70 Years Later

Posted on December 7, 2011


On December 7th, 1941, America went to war.

Okay, granted, President Franklin Delano Roosevelt had been looking for a reason to end US isolationism in the face of fascist aggression, but the attack on Pearl Harbor was the event that committed our nation to war.

It was not entirely a surprise attack. Nor was there a declaration of war in the hands of the Japanese ambassador to the United States, stuck in traffic as the first bombs fell.

Rather, the Imperial Japanese army and navy did not want to alert us to their intent (documents discovered in 1999). So the 14-Part Message that the ambassador was to deliver was sent so late that his people couldn’t transcribe it fast enough for him to deliver it. Not that it mattered. By the time he did deliver it, our intelligence people had already decoded and read most of it.

2,402 American service people died. 1,247 were wounded. 57 civilians were killed, and 35 wounded. 64 Japanese personnel died, and one was captured.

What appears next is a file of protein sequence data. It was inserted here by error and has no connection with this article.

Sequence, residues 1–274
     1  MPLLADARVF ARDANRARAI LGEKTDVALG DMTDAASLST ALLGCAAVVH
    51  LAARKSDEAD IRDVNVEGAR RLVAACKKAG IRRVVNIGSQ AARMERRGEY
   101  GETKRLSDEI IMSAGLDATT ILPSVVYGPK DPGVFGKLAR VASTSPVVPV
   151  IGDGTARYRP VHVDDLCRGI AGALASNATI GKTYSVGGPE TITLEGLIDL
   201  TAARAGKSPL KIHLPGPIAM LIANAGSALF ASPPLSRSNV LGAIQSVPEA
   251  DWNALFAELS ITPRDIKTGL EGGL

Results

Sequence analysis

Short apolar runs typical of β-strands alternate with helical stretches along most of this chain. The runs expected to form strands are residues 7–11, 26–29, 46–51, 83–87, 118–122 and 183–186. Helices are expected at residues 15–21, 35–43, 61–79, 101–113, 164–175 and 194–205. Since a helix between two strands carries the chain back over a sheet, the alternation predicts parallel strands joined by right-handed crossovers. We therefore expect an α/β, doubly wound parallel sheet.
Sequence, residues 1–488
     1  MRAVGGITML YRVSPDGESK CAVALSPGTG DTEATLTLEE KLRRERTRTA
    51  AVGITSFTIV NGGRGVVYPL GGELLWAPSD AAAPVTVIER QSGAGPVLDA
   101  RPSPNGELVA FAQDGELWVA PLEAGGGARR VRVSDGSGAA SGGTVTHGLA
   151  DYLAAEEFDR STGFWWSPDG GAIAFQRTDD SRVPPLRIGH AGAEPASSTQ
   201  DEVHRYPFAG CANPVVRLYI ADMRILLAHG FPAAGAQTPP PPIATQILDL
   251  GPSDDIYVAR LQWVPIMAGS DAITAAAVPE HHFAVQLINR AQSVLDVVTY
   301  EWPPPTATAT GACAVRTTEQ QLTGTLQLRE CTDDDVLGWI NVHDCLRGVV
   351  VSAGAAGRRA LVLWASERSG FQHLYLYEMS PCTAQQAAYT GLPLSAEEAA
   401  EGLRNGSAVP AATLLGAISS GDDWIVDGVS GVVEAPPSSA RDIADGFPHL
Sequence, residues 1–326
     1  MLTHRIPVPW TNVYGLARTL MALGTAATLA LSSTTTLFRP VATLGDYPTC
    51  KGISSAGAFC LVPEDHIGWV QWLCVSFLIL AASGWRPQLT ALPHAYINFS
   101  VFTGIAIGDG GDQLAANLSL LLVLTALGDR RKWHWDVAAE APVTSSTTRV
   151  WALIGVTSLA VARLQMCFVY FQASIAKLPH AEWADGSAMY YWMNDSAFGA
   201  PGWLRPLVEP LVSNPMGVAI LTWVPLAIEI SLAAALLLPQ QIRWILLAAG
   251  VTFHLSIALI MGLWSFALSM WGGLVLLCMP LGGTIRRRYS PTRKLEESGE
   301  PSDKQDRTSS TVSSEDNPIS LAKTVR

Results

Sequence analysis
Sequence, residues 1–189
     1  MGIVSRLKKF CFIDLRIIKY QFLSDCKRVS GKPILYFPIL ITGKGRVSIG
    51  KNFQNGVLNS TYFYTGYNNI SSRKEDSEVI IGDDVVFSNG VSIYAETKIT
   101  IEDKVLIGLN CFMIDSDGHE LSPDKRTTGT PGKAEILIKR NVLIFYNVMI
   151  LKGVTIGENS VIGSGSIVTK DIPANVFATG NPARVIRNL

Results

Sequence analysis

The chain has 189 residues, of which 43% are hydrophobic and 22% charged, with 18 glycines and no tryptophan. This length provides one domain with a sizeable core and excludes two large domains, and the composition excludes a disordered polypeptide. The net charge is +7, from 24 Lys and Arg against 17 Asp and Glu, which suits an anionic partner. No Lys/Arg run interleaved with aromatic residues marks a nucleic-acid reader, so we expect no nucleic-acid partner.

Today we lay a wreath at the Arizona memorial to honor the dead, but let us also remember the living. The attack on Pearl Harbor galvanized the United States, breathed new life into the alliance between the US, Great Britain, and the Soviet Union, and united us as a people. The tragedy seventy years ago meant the end of fascist domination in Europe and the Pacific, because US citizens pulled together, made sacrifices, and volunteered to serve in whatever capacity possible. It opened new doors for women in the workplace, opened our eyes to the wider world, and struck numerous blows against racial discrimination – thought that fight continues.

Today, we should remember, alongside the few remaining survivors.

Posted in: Military